Couples & Money: We’re in this Together

How many times have you purchased something and thrown out the bags or boxes before your significant other gets home? How many have a credit card that has a higher balance than what you shared with your partner?  Or even a credit card they have no idea exists! Maybe even a secret stash of cash?

I know I have been guilty of at least the first one! The conversation goes something like this… Him: “Oh that’s nice. Is it new?” Me: This? It’s old!”

It’s seemingly a small white lie, and not even really a lie at all, just withholding of truth, right?

Wrong. It’s actually called Financial Infidelity.

I’ve come to realize with age, that if we keep those small items a secret from our partner, then what other financial dirty laundry are we hiding?  And believe me when I say this, women are NOT the only culprits.

So why do we do this?

It’s amazing that we have a list of wants when searching for a partner; tall (or short) dark, handsome, pretty, smart, and the list goes on and on.  But how many of us actually list financially savvy, or financially committed, or financially anything as a preference?

I strongly believe that this is part of the reason why we find ourselves in this independent thinking and behavior around money.  We enter into relationships and marriages without ever as much as considering what money means to us as individuals, let alone as a couple.

What is our money story and what is our partners’ money story?   Maybe our partner had a parent that was a frivolous spender?  Maybe we had a parent that was a steadfast saver? Those differences do help influence how we behave with our finances.

Couples fight about money twice as much as they fight about sex! In fact, it starts well before we say “I do”.

What can we do BEFORE things get serious?


It’s the old adage, “Communication is key”. Knowing what you’re getting into will help you get through most financial challenges.  Maintaining an open dialogue around money is healthy.  Start with easier topics like your long term financial goals and work toward more sensitive ones like debts, assets and credit histories. Agree to ALWAYS tell the truth.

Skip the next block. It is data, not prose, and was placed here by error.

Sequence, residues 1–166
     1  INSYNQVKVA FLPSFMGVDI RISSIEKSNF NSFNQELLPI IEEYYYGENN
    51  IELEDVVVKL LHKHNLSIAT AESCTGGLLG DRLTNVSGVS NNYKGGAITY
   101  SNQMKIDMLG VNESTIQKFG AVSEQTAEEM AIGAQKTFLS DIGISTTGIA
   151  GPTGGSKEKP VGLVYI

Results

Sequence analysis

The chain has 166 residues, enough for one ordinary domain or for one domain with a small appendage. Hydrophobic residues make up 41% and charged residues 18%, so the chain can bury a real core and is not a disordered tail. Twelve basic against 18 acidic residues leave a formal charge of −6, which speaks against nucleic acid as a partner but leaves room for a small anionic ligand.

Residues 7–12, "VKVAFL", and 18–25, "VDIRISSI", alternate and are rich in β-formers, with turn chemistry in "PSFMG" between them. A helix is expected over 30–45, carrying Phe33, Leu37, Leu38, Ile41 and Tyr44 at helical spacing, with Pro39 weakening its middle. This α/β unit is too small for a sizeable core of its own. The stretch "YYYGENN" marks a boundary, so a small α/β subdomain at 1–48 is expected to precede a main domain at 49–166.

What’s THE MONEY STORY? Getting clear is imperative. Are we both savers and/or spenders? How has this story impacted what our truth is? It’s not just about money, it’s about values.

What exactly does each person bring to the union? Do we both work?  Will one of us stay at home? Is there debt and if so, how much? Will we continue to operate independently or will we work to eliminate this debt together?  There is no right or wrong answer when it comes to combining income and liabilities, but you must have clarity around what it entails.

Create a plan:

Once you’ve shared your goals and balance sheets you can work on putting together a plan as a couple. It can be as straight forward as setting up a new joint account or emergency fund or as complex as figuring out how you will make spending decisions going forward or if you should both interview a financial advisor.  The point is that you do this together and with transparency.

Creating a financial plan with a partner can be frustrating and feel like hard work, but working on your future Empire can actually be a rewarding way to bond with your honey.


To learn more about financial planning call us at 212.344.5867 or visit